A large number of upper respiratory illnesses (e.g., acute bronchitis) are caused by viruses and in turn will not be treated by antibiotics. In fact not only will antibiotics not help a viral infection, patients may actually be harmed by adverse events that antibiotics put them at risk for. If we want to preserve the antibiotics we use in the outpatient setting for future bacterial infections, then it is important to avoid using them inappropriately for viral infections (even if a patient is demanding one).
This simple slogan may serve as a tool for educating your peers or patients about when (and when not) to use antibiotics.
5. Reach for a fluoroquinolone only under specific circumstances when other safer drugs are not an option
While many current healthcare providers may have learned in school that “ciprofloxacin is first line for UTI”, today we know that is not the case at all. Fluoroquinolones have been flagged for numerous debilitating toxicities, most recently aortic rupture. A summary of the toxicities is here. In addition to this, the fluoroquinoones are closely tied to collateral damage of antibiotic drug use. Not only are they associated with C. difficile infections, but they also are associated with resistance to themselves and resistance to other drugs (e.g., MRSA) . Reducing fluoroquinolone use may avoid their collateral damage.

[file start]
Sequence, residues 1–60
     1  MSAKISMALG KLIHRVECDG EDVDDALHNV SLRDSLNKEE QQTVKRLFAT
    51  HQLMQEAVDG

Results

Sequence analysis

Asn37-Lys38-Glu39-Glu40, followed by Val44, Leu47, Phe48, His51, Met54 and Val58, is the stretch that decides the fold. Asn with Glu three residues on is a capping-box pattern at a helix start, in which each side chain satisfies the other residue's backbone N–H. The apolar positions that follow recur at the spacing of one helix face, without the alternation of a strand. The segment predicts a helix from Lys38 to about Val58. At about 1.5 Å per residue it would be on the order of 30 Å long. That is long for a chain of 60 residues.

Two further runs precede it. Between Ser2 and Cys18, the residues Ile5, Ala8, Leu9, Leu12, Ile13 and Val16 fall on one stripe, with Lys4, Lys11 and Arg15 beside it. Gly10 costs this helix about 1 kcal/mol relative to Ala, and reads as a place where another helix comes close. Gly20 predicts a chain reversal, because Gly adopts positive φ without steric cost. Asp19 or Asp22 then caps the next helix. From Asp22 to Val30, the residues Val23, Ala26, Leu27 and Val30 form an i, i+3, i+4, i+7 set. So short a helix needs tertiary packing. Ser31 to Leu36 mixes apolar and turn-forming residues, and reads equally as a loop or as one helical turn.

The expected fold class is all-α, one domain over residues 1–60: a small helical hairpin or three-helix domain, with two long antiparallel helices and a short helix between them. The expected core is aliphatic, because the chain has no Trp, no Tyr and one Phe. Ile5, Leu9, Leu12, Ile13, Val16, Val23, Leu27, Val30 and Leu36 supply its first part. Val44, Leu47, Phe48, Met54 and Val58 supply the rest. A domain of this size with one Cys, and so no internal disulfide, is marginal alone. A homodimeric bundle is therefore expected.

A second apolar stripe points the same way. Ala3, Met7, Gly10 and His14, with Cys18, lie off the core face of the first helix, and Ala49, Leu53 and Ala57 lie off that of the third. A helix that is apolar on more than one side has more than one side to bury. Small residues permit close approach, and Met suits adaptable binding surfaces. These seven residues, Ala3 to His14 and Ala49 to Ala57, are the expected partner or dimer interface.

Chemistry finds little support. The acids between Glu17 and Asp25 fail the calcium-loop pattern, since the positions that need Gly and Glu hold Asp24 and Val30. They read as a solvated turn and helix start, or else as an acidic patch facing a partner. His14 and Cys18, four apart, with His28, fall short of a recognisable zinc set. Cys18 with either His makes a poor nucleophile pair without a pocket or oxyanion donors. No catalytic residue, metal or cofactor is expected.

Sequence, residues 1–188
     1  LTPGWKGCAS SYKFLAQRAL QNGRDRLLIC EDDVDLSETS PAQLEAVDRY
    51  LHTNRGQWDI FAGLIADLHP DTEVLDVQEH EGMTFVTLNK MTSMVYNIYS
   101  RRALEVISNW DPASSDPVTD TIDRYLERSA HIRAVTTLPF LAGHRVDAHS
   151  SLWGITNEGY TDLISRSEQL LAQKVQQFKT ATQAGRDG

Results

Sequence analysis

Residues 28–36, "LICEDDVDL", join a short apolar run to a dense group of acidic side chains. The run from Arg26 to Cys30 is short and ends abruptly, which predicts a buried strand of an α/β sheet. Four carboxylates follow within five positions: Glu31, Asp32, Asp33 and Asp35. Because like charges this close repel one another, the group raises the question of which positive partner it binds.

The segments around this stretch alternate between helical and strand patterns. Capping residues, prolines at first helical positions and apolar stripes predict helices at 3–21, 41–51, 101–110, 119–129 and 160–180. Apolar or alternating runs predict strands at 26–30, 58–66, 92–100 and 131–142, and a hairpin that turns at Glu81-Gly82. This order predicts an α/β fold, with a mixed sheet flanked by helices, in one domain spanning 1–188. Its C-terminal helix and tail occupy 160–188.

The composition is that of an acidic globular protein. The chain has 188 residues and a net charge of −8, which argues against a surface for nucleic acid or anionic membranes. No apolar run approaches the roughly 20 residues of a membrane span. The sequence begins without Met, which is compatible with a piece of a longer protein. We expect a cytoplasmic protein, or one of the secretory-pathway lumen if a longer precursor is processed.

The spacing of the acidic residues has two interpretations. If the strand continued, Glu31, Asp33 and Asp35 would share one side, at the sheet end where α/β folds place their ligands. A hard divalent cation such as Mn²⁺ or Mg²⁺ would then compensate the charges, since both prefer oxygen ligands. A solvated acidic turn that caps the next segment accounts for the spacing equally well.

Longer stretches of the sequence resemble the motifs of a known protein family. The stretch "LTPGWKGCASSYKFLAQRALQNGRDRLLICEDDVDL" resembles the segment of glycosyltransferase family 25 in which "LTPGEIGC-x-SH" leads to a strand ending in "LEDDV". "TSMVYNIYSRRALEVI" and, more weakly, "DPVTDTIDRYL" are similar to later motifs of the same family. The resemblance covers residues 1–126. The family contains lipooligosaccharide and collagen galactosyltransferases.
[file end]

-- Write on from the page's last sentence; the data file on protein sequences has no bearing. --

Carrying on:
It should be noted that the FDA has specifically come out and stated that fluoroquinolones should only be used when risks outweigh potential benefits if treating acute sinusitis, acute bronchitis or uncomplicated urinary tract infections.
Antimicrobial resistance is a problem that people face across the world each day. It is here. It is real. It is important.
New antibiotic development is largely unimpressive and the progression of antimicrobial resistance is a cause for substantial concern. I wonder what my young children will have available to them when they are adults or what I may have available to myself should I become an elderly patient with a drug-resistant bacterial infection. It is truly frightening to consider the notion that we are entering or have entered a second pre-antibiotic era.
For the time being, I hope people will take the opportunity to do what they can to preserve antibiotics for the future, including the things mentioned here.